Sunday, April 24, 2011

Designing an interface queue in AX:

When I create tables that are used in the interface to hold large strings of data (like a large blob or XML from external system or AX report), I put those fields in a separate table linking to the original 'metadata' table through a unique key.  This would make the typical one table interface turn into two tables: one to hold the metadata for the user and the other to hold the large files.  

In using this design, there are many upsides but two primarily stick out that I would like to talk about:

The first is the obvious performance gain in the form used to manage the records in the interface.  When, for example, 20 records are retrieved from the database, records that do not contain an extremely large fields will come back faster.

The second is in regards to the maintenance.  A user may not need the data stored in the large fields after a few weeks but would still want to maintain the history of that data coming into the system.  To do this on a single table structure would require a cleanup job to specifically clear out the field holding the large data.  Doing this in a two table structure would allow the entire record to be deleted, but leave the original record in place.  A simple inner join between the two tables would show all records in those tables that still have the data in place.

Discuss your preferred way to do this below in the comments section...

Saturday, April 23, 2011

Improve Performance for slow retrieval of records in a grid

Sometimes there are forms that take a long time to load the data in a grid.  A common example of this would be for an AX interface where there is a grid that holds records in various statuses (e.g. Waiting, Error, Ended, etc) and carry data in the data source table that the user would normally not care about seeing (e.g. XML).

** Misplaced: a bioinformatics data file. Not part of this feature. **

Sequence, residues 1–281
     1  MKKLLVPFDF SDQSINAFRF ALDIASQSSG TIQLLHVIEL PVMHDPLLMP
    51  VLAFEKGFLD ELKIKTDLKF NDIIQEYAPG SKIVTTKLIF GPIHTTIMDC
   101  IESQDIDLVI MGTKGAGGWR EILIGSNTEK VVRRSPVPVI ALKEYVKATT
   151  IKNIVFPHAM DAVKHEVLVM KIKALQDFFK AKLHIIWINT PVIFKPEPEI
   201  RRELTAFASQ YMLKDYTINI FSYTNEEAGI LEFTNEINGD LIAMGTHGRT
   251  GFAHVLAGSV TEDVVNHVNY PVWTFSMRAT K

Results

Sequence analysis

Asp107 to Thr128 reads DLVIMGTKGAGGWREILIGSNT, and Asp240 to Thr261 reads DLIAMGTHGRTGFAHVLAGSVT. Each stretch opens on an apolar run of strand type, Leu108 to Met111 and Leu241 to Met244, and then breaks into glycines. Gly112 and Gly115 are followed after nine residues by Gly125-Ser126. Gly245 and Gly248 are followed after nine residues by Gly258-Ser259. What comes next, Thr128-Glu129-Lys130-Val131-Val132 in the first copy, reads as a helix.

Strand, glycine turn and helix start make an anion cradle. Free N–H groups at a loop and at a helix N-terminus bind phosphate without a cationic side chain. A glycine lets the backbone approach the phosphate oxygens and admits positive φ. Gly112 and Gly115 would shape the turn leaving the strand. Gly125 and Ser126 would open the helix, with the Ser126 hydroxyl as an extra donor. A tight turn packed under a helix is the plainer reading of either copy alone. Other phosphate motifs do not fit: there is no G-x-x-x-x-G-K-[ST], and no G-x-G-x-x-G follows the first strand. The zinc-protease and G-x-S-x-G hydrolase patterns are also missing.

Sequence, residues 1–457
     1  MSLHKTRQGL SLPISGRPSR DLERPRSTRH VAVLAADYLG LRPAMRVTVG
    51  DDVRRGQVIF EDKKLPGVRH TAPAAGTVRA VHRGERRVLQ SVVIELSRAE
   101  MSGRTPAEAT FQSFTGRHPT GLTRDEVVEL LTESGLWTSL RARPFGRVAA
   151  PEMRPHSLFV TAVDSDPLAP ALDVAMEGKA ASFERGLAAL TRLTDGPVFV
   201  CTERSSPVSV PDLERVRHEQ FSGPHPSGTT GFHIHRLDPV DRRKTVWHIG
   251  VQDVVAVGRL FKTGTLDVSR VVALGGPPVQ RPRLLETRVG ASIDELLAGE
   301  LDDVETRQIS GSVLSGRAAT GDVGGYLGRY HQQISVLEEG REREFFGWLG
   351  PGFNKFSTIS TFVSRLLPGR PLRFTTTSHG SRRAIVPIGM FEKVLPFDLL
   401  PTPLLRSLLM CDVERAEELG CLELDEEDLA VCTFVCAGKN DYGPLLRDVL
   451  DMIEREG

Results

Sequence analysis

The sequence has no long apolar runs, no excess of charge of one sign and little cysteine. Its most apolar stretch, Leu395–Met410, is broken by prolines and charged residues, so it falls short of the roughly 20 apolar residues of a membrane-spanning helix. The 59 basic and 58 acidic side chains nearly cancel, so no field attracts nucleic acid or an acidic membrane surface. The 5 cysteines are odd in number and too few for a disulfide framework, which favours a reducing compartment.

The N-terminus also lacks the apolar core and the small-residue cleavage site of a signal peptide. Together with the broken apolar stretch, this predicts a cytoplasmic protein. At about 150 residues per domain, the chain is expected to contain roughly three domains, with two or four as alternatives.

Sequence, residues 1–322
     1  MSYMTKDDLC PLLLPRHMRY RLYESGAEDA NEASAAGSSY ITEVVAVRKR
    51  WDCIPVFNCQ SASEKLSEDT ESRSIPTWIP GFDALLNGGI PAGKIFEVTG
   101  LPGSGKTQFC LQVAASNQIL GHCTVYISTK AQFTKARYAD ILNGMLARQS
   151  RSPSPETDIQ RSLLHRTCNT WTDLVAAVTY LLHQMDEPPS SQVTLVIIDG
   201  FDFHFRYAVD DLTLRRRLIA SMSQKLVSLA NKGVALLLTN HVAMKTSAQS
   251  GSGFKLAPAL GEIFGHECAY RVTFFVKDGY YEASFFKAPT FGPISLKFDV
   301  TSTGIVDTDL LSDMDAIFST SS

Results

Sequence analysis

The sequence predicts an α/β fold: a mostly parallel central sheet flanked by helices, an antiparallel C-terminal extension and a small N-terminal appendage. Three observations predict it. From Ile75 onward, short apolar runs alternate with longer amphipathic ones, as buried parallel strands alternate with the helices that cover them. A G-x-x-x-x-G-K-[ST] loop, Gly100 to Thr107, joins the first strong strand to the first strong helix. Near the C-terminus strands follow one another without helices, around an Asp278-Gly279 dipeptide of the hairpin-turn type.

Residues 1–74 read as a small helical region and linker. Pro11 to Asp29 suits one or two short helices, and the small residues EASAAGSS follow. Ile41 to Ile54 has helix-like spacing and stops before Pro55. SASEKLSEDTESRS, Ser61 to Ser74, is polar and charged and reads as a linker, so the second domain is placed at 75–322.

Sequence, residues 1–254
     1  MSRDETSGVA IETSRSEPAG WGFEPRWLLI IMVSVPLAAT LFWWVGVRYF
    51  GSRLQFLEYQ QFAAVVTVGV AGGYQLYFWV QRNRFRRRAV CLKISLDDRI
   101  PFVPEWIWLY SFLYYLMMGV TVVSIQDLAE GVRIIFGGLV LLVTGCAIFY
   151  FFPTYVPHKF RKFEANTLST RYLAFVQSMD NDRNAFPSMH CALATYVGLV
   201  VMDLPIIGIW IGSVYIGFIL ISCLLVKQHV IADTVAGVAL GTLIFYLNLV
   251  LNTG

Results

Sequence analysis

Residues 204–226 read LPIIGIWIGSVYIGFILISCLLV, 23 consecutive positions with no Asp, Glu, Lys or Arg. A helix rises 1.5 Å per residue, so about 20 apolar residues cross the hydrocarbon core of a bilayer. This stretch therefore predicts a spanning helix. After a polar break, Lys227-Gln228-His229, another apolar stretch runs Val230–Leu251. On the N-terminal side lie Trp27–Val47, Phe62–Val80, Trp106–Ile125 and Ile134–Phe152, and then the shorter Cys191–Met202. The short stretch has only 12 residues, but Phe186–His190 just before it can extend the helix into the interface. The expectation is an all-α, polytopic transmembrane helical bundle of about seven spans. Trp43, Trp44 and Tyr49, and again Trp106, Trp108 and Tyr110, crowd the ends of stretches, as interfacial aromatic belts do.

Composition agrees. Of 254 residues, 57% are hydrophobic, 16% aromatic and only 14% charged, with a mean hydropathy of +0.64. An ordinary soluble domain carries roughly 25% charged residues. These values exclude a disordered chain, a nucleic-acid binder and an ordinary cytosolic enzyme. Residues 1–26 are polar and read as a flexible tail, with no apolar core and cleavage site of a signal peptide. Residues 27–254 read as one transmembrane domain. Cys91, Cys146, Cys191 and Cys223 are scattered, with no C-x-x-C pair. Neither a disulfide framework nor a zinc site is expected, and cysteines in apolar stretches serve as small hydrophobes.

I generally would not include a large field on a table that is used in something like an interface.  I have recommendations for designing one in my blog post called "Recommendation in designing an interface queue in AX".

The following fix may not be the best option for addressing the issue as there are lots of factors that can affect performance, but this fixed it for me.  Its fixed the issues for me in a few instances that I've seen and have remained stable with no issues for over 3 years.  

There is a property on a form's data source called 'OnlyFetchActive' that was able to resolve the problem for me.  I've included the exact information from MSDN to assist you in determining whether this could work for your issue.

From MSDN AX 4.0 - Form Data Source Properties      "Determines whether all fields in the data source should be fetched, or only those that are used by controls on the form.
This property is designed to be used in lookup forms. There is no code in these forms, and they open more quickly because the result set is smaller.

When the OnlyFetchActive property has been set to Yes, records cannot be deleted from within the form. This is to preserve data integrity by ensuring that a delete operation is never attempted on incomplete records. If the user attempts to delete a record, an error message is issued."

Monday, April 18, 2011

AX AOS randomly crashes after a code promotion